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How To Keep Your Dog Mentally Stimulated

Remember: Bored dogs cause problems. If you don’t keep your dog’s mind stimulated, chances are that he’ll find activities to stimulate his mind, himself. And you won’t like those activities. A dog that is mentally stimulated on a daily basis is a happy dog. And happy dogs don’t cause dog problems. Here’s a quick list of how to keep your dog mentally stimulated:

1. Exercise. Lots of exercise. If you can incorporate exercise with another activity such as playing, “Find the ball,” or doing some agility exercises, then that’s even better.

2. Brain teaser toys. There are a number of cool toys that actually challenge your dog’s mind. For example, one of the more popular ones is the “Buster Cube,” a plastic cube that releases a pellet of food, every third or fourth time the Cube is rolled over.

3. Small rituals done at the same time of day, every day. For example; feeding time, grooming, walks, “cookie” time, car trips around town, etc.

4. Dogs like to work. Teach your dog to bring in the newspaper, carry mail back from the mailbox or to walk out with you when you take the trash out. (Whenever I go through the drive-thru window at McDonald’s, Forbes–my dog–gets to carry the trash bag to the trash receptacle when we’re finished. Sound silly, right? But the dog loves it!)

5. Do obedience training with your dog. Obedience training requires your dog to use his brain and think. Knowing that he will be praised for making the right decision and corrected for making the wrong decision (and allowed the opportunity to make the right decision again) instills a sense of responsibility in your dog and demands that he use his noggin. Remember: Dogs are bred to work. They’ve been blessed with super-human instincts and drives and they need an outlet for those drives.

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Waiting at Doors

It is a valuable effort for both safety and impulse control to teach your dog to wait at doors vs. charging outside every time the door is open.

Definition: The dog should wait in an area of your choice, but does not have to freeze in that position (as in the Stay). For example, if you tell your dog to wait at the front door while you exit, the dog can move about in the room, but cannot go through the door.

Phase One:
• Begin with the dog sitting or standing in front of a closed door. Stand between the door and the dog, holding onto the leash and the door handle. Before the door is opened, give the cue “Wait” and the hand signal for “Stay” (fingers pointed down, palm toward the dog’s face).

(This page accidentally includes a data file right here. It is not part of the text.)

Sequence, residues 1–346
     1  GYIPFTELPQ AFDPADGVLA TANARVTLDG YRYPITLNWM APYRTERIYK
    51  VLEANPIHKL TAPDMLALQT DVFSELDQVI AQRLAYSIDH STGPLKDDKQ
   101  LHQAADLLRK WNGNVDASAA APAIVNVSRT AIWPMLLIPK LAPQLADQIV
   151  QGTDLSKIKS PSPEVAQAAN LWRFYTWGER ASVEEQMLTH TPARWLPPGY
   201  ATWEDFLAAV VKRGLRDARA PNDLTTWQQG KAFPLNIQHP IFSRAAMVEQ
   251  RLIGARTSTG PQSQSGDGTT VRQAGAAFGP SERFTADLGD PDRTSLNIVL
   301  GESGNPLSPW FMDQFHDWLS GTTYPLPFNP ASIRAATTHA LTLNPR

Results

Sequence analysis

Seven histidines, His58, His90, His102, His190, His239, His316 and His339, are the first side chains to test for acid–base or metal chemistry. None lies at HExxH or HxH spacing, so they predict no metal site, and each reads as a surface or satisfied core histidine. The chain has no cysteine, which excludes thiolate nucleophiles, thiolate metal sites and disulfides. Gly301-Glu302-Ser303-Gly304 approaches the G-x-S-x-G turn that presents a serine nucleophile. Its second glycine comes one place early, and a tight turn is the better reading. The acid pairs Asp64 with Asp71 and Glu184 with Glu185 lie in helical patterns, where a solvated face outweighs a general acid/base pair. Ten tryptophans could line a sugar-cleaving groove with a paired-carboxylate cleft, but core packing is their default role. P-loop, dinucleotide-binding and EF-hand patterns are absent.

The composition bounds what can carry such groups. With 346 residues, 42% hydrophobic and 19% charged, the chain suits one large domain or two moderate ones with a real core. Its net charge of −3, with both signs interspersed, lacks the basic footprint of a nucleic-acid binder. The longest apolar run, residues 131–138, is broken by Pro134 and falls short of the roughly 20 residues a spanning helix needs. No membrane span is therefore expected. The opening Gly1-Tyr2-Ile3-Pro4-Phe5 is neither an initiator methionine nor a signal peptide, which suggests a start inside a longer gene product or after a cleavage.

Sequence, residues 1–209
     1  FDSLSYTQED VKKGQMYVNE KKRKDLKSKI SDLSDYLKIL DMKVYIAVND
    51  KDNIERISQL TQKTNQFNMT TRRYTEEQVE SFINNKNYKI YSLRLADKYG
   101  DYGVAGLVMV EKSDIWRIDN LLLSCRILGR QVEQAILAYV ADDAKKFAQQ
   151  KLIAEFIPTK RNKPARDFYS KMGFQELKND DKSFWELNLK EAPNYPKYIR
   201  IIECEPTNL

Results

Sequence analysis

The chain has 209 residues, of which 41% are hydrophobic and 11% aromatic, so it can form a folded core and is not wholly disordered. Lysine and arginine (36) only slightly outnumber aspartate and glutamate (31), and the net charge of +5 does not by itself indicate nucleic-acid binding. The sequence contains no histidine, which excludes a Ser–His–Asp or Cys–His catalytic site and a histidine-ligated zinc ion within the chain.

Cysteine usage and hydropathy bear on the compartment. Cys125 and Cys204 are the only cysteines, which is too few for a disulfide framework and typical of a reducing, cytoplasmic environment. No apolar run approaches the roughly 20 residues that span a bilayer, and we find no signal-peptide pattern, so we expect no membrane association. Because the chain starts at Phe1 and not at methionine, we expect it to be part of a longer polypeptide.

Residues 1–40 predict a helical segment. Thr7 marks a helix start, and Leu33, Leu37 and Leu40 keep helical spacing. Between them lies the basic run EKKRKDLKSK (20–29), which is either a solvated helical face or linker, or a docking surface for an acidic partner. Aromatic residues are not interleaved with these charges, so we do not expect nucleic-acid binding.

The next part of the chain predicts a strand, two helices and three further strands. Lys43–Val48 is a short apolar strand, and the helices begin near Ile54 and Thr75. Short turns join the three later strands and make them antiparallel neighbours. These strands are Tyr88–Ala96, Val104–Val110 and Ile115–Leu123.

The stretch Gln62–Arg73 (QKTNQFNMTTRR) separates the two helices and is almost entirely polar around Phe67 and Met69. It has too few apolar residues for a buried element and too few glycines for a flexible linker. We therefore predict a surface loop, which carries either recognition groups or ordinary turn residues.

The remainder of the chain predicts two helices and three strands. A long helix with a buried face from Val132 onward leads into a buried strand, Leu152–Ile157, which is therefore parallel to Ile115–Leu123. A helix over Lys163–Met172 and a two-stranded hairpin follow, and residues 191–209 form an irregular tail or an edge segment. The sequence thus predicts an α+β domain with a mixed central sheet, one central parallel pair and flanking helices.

• Now open the door a crack. The dog will probably begin charge through the door in delight! As he does, bar the door with your body and/or GENTLY close the door in the dog’s face. Repeat the sequence until the dog does not try to barge through the door. You don’t have to say anything negative; your presence in his way is saying all that is necessary. No treat is required in this exercise — just going through the door is enough for most dogs!
• Once your dog is waiting at the door, you step through. If he tries to follow, your body is back blocking the entrance, or the door again closes (gently) in his face. Put him back, and tell him “Wait” again. There is no need to put him back in the exact spot.
• Go through the door. When the dog is on one side and you are on the other, count to five slowly to yourself. Then release the dog – he can go through the door!

Phase Two:
Some doors, such as car doors, front doors, and perhaps the back door, should be designated “permanent” wait doors. This means that the dog is taught not to go through them at any time unless someone is there to give him permission. To teach, make sure the dog understands Wait. Then, without giving the command, open the door and start to step through. When the dog goes with you, tell him “uh-uh,” and block the door. Repeat until the dog understands he has to wait to go through this particular door even though no command has been given. When it’s obvious he understands the concept, step through the door, wait a few seconds, then release him.
Note: This exercise uses something called “natural consequences,” a wonderful tool for some behaviors. When the door closes in his face, the dog learns that if he does something you tell him not to, the consequences can be memorable.

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Frequently Asked Questions about Clicker Training

“What is clicker training?”